And isn’t that what we want? They have not yet come to me to learn the truth. They do not seek directions and think they can do this on their own. But now our detective has a clue—a clue he’ll take, a clue he’ll use.

YOU PLAY A DANGEROUS GAME, OLD MAN.

And you should listen to your betters, Jared.

Benjamin, meanwhile, reached over and pulled Mary Elise close, drawing the scimitar that hung in a scabbard at his belt.

“You’re working together,” he said.

Methuselah laughed. “If only.”

Benjamin began to half-circle around the Walking Mind, and Methuselah heard Jared’s transmission to Hu’s psyche:

I STOPPED YOU BECAUSE YOU ENTERED UNAUTHORIZED SPACE AND YOU HURT THE GUARDS, MISTER HU.

As Jared’s platform tromped into the room, Benjamin kept his scimitar slicing invisible symbols in the air as a warning.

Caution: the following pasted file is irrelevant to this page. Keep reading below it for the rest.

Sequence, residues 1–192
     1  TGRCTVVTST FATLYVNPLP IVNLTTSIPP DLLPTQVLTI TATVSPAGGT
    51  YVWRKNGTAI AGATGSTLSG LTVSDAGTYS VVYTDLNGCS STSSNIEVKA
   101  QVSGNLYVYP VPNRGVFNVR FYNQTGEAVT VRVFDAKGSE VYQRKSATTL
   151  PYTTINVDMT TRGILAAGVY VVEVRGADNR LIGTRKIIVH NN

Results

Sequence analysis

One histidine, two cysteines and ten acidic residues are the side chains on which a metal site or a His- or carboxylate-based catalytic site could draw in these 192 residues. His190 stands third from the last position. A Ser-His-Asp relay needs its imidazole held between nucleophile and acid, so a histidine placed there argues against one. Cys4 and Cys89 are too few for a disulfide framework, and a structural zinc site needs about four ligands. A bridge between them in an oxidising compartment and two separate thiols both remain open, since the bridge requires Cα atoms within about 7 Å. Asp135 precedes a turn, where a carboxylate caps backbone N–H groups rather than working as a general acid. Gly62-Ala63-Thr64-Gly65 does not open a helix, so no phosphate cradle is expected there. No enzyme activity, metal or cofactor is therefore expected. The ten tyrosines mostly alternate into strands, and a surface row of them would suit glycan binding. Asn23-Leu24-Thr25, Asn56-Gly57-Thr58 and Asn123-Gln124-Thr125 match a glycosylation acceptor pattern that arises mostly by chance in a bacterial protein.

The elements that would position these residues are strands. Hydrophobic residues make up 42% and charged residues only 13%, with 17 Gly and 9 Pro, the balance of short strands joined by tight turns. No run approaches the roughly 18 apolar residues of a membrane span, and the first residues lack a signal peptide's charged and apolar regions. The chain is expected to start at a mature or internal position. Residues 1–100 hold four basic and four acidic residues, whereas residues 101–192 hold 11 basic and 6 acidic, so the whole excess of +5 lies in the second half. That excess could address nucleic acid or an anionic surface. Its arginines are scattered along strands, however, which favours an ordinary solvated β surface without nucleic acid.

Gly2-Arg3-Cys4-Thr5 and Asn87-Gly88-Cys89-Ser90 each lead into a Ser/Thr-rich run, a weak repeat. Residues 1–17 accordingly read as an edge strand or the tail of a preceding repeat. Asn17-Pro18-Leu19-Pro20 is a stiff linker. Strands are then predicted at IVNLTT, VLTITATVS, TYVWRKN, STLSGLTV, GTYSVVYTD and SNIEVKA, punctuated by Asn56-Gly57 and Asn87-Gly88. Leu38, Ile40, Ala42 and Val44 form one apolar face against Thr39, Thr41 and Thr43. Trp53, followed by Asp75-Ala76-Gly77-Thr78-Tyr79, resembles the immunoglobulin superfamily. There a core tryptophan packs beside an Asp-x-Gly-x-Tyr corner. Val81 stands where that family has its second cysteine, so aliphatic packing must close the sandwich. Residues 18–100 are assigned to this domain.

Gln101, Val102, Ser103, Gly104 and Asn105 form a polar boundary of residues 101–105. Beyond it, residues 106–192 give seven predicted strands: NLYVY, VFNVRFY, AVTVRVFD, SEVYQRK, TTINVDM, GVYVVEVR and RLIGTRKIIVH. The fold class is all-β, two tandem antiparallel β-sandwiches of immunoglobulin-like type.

“Whatever’s going on here,” Benjamin said, “I promise to find out.”

“Of course,” Methuselah said. “If you must play detective…”

The man darted out of the room, sending the woman ahead of him.

Such chivalry.

Shame, in a way. Methuselah would’ve liked her as a plaything. Make her dance, make her sing, make her wet his lips with a soggy sponge.

THIS COULD BACKFIRE ON US.

I have seen the infinite futures and these dominoes fall in our favor.

YOU FAILED TO GUESS HOW THE DOMINOES WOULD FALL LAST TIME.

A spike of rage inside his belly. He hoped Jared Brain felt it—hot like forge-hammered iron. I made a fundamental error at the very beginning of that particular equation which is an error we both hope to correct, yes?

…YES

Then shut up and trust me.

The Walking Mind said nothing. For once.